The Guidelines have had an even more significant impact on probation. Fifty-eight percent of companies sentenced during 1994 were placed on probation, with 20 percent of these being ordered to implement compliance programs. The Guidelines were to have less of an impact on compliance programs and corporate fines. Only four of the prosecutions during 1994 involved a direct consideration of the defendant's compliance program by the court. In one case, the fine was reduced on the basis of the company being held to have an effective compliance program (Kaplan, 1995:1). This situation was to change dramatically in February, 1996. In what was the largest criminal fine in U.S. history, a Manhattan federal court sentenced Daiwa Bank to pay a fine of $340 million under the Guidelines. The case involved a bank employee who lost $1.1 billion in unauthorized trades. The two main reasons for the fine were the bank's "lack of a meaningful compliance program" and its "consequent failure to report the employee's wrongdoing" (Kaplan, 1996: 1).

Another development which has been noted due to the Guidelines is being referred to as 'the shadow effect.' Essentially, the Guidelines are also being considered by courts and government agencies in criminal cases other than those brought under the Guidelines. Companies such as National Medical Enterprises (involving kickbacks) (now Tenet Healthcare), Lucas Aerospace (involving falsifying test data), and C.R. Bard (involving fraud) were all ordered to adopt extensive compliance programs in addition to paying fines. Even civil cases such as Prudential Securities (involving fraud) or Grumman Corporation (involving kickbacks) were ordered to implement compliance programs, which were much more onerous than if conducted voluntarily (Kaplan, 1995:2-3).

(4) Effectiveness of Guidelines

It can be seen from the above discussion that the Guidelines have had an impact on the creation and implementation of ethics programs, and have actually been utilized by the courts in assessing fines and placing companies on probation. Despite this impact, one could ask a more fundamental question: "Have the Guidelines helped to achieve their ultimate purpose, the reduction of corporate crime and an improvement in ethical behavior?"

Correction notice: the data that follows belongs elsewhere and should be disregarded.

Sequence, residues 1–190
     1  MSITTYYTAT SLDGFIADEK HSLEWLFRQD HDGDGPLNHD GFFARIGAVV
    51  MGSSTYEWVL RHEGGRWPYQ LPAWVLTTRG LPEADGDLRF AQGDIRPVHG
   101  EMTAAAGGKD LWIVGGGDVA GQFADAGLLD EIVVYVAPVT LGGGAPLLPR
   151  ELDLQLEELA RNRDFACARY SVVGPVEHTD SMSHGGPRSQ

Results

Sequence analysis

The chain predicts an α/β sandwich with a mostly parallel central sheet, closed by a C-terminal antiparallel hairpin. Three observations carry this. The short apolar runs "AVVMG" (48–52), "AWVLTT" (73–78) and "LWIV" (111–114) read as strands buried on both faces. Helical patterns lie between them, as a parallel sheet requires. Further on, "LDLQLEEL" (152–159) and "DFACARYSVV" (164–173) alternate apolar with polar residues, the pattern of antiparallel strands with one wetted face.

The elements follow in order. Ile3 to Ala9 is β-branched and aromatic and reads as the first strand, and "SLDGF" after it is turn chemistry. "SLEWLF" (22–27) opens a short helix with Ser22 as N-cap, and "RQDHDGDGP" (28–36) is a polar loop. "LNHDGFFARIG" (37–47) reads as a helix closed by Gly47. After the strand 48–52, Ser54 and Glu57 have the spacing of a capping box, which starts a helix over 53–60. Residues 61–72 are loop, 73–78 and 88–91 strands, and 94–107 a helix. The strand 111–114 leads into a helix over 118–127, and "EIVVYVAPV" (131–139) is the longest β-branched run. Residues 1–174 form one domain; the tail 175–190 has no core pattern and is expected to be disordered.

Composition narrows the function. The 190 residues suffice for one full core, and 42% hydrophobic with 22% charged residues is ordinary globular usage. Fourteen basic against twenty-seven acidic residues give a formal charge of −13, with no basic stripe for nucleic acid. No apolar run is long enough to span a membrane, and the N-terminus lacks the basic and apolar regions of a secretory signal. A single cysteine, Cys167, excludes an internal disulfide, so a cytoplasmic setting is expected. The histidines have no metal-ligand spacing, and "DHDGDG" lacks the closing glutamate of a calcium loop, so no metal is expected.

Although it may be some time before we can know the answer to this question with any degree of certainty, a study released by the Ethics Resource Center entitled, "Ethics in American Business: Policies, Programs and Perceptions" provides an initial indication that ethics programs are beneficial in improving organizational ethics. The survey examined employee attitudes and behavior in relation to the existence of three components of an ethics program: (1) codes of conduct, (2) the introduction of ethics into employee and management training, and (3) the establishment of ethics and compliance offices. Over 4,000 U.S. workers were surveyed representing different levels of responsibility, job functions, company size, and industries (Ethics Resource Center, 1994).

The survey indicates that ethics programs appear to improve ethical behavior. The results are summarized as follows:

  • Corporate ethics programs appear to have a distinctly positive impact on employee behavior and their opinions about the ethics of fellow employees, management, their companies and even themselves. The most positive effects were reported in companies which had all three program components - codes of conduct, ethics training and ethics offices. Striking differences could be seen in the responses of employees in companies with comprehensive ethics programs and the responses of those in companies with no program elements or with only a code of conduct. Indeed, a code of conduct as the sole element of an ethics effort often seemed to have a negative effect on employee perceptions. Ethics initiatives appeared to increase employee awareness of misconduct, employee willingness to report misconduct, and the level of satisfaction with the outcome of their reporting (Ethics Resource Center, 1994:6).